Have you reached a point in your application where you want to rewrite some portion of the code, change a public API or even switch to one of the third party components that are widely used today? It's very likely that you've bumped into this wall like most of the developers out there and you know that usually a comprehensive evaluation of the pros and cons of the switch is required to ensure the same improvement can't be achieved with some small tweaks in the existing solution. Either way, you might end up fighting with strange issues and spending
tons of time that might have been instead invested in new features development.
That being said, the OpenAccess ORM team knows that while it is easier to start your project with our ORM solution from the very start, this is not always the case for many of our users and you probably have legacy projects as well - usually based on Entity Framework or LINQ to SQL. Should you consider a migration from any of these two ORM frameworks to OpenAccess, there are two ways for us to assist you:
If you want to create an OpenAccess model and you already have a database, the best way to go is to generate the model automatically using the Database First approach. However, if you have customizations on your old model, you would have to redo them in the OpenAccess Visual Designer. In order for us to take over this mundane task, we are also offering convertion wizards that will do that for you in minutes. Take a look at the new tutorials we have prepared, showcasing how quickly you can convert your database applications started in Entity Framework or in LINQ to SQL.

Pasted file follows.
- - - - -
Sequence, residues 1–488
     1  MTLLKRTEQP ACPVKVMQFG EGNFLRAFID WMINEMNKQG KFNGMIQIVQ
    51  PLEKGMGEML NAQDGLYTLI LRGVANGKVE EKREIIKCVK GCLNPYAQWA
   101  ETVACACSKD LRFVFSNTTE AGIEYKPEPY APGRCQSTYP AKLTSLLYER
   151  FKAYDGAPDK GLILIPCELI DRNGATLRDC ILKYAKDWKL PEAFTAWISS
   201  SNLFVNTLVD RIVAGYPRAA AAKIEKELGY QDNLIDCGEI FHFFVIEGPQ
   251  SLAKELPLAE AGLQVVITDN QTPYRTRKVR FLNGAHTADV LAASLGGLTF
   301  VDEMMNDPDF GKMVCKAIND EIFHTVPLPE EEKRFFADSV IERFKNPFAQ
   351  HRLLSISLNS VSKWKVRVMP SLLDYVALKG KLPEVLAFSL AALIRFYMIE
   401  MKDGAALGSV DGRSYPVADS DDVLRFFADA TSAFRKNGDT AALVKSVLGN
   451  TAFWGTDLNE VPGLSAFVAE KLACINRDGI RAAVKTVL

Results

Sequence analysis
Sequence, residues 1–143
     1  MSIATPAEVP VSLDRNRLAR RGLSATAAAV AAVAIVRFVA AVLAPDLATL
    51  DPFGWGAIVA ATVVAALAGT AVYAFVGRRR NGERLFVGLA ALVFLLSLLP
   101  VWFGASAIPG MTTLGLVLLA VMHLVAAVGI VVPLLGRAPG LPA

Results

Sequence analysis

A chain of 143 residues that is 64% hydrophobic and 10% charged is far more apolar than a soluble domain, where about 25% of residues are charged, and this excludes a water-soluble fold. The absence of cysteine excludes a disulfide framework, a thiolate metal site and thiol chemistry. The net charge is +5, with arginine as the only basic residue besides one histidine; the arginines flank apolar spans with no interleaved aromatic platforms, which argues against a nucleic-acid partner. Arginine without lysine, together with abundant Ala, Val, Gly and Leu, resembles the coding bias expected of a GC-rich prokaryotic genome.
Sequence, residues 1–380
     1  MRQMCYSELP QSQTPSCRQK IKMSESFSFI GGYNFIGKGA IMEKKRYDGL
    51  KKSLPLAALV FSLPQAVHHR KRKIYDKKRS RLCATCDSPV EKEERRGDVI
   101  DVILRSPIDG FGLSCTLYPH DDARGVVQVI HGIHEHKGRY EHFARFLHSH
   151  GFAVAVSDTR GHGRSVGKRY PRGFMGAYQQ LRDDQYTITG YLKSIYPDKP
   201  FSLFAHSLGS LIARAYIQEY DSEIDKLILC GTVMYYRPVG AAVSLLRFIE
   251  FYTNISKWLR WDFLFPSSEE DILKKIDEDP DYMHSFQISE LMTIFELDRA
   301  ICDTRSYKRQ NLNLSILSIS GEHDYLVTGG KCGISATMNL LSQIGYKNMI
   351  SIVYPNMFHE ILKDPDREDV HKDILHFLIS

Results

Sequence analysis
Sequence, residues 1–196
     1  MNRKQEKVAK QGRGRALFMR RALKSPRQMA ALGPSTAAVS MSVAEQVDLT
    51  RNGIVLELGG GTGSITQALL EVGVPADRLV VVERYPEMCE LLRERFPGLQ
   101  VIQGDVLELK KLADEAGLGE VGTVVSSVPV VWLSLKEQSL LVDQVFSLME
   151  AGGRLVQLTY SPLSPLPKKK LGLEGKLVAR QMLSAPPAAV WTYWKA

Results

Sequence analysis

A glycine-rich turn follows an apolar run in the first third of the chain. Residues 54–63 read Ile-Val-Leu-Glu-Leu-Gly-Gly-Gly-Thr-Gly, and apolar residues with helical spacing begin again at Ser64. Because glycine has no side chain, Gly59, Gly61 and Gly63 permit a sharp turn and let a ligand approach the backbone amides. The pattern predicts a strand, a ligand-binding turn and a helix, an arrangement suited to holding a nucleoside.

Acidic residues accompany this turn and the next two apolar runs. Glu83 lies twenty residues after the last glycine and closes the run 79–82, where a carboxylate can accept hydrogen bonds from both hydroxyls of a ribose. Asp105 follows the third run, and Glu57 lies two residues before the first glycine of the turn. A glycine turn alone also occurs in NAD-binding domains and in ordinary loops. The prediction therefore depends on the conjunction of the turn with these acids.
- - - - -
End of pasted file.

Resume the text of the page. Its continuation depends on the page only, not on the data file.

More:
Few tips for quick refactoring
Once your model is converted automatically, the next steps are covering the differences in:
- CRUD Operations API
- Web services exposing the model
- Inheritance specifics
- Calling Stored Procedures
Those migration actions might not be straight forward and require manual efforts and attention. In order to help you out there we are proud to present a bunch of new resources that are now readily available - our Entity Framework and LINQ to SQL migration guides, covering the major differences and the most common issues. Do not hesitate to give your feedback, as it will immediately be added to those repositories of migration knowledge and might help many developers with a similar scenario.
As you can see, you don't have to keep your legacy applications using different ORM solutions. Stay tuned as the next migration guide we are going to offer will help you replace an ADO.NET custom data layer with Telerik OpenAccess ORM!